If you asked people which young player was going to breakout and become a star for the Arizona Cardinals, the names that would come up would be Patrick Peterson, Michael Floyd and Daryl Washington, among others.
One name you likely wouldn't hear -- at least early in the conversation -- is David Carter.
The defensive lineman was taken in the sixth round of the 2011 NFL Draft out of UCLA, and had a solid season, tallying 16 tackles, one sack and one forced fumble in a reserve role.
However, the guys at ProFootballFocus.com think Carter is much better than the stats would indicate, tabbing him as a "Secret Superstar" heading into 2012.
Considering his seamless transition, looking completely at home in the heart of the Cardinals' defense, you would have been excused for thinking that when the Cardinals lost Dan Williams to injury Carter would have vaulted into a starting slot. As it happened, Arizona made the somewhat puzzling decision of replacing Williams-lost to a broken left arm-with Nick Eason. The former Steeler had been playing as a reserve defensive end for the Cardinals but was vaulted ahead of Carter into the starting lineup at nose tackle. This left Carter in the same role he had occupied behind Williams, but rather than getting downhearted at being passed up by a journeyman, he kept his head down and maintained his early-season form.
His late-season form, however, is what should have Cardinal fans excited as he put in his best games in run defense against the 49ers, Browns, and Bengals during the final month of the season. In that trio of games, Carter took advantage of some favorable matchups to record half of his defensive stops from the season (five of his 10) in those three games. Carter made three tackles for losses against the AFC North pairings, but perhaps more impressive was the way in which he got the better of Jonathan Goodwin of the 49ers, one of the better run blocking centers in the league.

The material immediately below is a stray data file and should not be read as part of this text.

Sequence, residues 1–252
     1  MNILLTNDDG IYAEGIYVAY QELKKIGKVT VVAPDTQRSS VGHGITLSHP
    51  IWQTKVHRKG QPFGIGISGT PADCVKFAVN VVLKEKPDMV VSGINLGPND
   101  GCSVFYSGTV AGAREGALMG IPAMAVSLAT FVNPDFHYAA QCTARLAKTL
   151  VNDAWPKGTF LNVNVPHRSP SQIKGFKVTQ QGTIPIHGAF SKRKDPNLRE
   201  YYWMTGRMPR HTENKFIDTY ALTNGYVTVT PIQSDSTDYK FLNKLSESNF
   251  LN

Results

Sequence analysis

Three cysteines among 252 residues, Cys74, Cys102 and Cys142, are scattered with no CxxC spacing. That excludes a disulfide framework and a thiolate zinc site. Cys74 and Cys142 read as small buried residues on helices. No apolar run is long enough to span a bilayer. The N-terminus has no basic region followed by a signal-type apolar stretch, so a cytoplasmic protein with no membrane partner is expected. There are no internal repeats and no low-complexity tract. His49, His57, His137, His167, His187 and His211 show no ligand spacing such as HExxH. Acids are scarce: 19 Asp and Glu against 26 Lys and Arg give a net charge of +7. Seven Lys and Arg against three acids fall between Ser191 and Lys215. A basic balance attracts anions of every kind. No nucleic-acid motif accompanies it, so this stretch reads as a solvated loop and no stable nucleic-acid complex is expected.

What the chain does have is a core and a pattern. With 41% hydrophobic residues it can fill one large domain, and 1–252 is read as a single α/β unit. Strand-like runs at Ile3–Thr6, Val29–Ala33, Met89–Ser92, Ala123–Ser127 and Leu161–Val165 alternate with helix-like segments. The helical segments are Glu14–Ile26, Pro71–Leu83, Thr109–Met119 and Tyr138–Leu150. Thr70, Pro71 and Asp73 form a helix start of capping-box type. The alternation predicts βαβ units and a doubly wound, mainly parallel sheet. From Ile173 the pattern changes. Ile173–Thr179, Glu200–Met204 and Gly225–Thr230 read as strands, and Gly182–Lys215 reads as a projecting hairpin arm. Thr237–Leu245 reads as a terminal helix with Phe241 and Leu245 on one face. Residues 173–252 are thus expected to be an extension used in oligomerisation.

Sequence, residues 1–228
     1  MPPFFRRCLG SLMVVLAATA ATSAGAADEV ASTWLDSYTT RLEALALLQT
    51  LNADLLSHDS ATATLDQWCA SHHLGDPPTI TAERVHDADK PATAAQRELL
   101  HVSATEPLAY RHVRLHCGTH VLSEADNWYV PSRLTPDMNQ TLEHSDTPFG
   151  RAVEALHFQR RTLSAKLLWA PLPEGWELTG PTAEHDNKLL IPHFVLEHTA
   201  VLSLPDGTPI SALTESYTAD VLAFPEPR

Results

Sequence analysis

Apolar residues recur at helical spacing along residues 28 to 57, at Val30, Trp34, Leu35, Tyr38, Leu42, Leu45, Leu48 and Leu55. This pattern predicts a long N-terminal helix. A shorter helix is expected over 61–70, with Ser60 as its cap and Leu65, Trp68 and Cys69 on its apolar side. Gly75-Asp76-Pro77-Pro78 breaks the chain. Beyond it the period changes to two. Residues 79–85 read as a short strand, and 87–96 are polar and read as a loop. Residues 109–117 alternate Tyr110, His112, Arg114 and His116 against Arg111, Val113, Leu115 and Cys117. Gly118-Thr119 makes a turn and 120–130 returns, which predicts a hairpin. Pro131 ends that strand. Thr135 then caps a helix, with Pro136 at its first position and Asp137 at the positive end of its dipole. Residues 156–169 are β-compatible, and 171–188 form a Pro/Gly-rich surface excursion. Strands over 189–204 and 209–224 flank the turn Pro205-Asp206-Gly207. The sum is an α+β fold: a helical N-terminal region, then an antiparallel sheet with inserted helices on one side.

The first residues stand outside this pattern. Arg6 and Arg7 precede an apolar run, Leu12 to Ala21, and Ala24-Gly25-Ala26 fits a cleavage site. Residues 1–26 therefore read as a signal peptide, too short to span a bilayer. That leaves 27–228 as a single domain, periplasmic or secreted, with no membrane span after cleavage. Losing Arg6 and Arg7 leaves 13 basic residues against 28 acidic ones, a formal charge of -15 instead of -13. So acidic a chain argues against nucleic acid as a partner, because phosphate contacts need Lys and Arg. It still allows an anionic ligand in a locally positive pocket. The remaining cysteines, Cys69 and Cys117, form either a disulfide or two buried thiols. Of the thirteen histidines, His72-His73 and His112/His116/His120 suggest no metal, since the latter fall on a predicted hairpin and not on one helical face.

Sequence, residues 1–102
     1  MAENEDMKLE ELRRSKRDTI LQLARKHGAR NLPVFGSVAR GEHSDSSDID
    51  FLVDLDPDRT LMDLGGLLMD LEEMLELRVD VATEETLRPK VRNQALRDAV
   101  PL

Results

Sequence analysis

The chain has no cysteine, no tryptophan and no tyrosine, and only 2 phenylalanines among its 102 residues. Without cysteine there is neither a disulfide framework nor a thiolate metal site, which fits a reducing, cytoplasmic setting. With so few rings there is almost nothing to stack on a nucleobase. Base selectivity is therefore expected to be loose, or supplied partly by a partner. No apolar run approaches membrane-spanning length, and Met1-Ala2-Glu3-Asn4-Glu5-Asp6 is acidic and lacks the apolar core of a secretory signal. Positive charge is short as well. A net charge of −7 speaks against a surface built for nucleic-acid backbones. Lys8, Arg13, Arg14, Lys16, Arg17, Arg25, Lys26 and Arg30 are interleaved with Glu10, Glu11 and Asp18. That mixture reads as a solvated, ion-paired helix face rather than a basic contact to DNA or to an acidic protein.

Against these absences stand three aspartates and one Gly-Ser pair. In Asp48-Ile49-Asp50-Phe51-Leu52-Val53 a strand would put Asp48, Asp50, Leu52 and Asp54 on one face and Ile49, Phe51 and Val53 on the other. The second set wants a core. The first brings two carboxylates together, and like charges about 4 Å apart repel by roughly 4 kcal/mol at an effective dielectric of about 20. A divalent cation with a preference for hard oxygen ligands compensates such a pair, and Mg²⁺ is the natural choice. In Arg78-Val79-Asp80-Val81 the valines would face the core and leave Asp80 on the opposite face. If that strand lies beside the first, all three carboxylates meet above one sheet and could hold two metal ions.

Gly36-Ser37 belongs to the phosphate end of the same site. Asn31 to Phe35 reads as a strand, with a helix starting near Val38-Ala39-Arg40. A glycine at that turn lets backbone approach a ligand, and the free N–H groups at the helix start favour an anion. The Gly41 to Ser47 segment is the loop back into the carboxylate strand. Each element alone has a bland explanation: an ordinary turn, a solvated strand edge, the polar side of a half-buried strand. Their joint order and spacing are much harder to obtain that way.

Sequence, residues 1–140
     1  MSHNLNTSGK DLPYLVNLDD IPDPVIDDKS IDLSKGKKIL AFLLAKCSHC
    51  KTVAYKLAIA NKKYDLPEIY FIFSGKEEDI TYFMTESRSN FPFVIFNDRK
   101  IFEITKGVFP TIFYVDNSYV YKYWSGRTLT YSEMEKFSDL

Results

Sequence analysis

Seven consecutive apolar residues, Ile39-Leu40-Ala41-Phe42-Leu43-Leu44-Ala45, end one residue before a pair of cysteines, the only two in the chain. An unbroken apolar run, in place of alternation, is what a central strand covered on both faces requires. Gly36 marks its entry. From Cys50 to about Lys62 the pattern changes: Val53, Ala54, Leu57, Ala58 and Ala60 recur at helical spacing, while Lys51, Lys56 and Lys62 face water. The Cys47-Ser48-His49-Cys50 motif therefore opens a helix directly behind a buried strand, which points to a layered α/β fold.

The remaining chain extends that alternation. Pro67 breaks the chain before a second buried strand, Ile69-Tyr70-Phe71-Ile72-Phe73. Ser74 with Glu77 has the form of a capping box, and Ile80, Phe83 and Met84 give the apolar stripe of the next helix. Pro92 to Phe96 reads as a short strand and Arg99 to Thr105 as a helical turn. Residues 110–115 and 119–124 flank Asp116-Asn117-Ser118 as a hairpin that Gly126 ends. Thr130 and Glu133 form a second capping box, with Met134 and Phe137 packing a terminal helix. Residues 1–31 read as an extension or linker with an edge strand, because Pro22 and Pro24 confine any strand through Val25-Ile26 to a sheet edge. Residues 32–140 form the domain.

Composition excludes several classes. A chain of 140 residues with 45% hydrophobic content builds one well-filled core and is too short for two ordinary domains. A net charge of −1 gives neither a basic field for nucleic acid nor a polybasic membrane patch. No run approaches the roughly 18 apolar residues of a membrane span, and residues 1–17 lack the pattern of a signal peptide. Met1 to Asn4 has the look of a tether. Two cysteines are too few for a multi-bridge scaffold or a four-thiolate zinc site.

Well that all sounds great, doesn't it?
In truth, Carter may still find it tough to get consistent playing time. The Cardinals still have veterans Darnell Dockett and Calais Campbell, and are pleased with the development and recovery of Williams, a first-round pick in 2010.
And, it's worth noting, Williams was a 'secret superstar' last season, so being listed among these ranks does not guarantee success.
But at the very least one should feel optimistic, as the Cardinals' defensive line -- with the names you know and some you may not -- could end up being one of the NFL's best.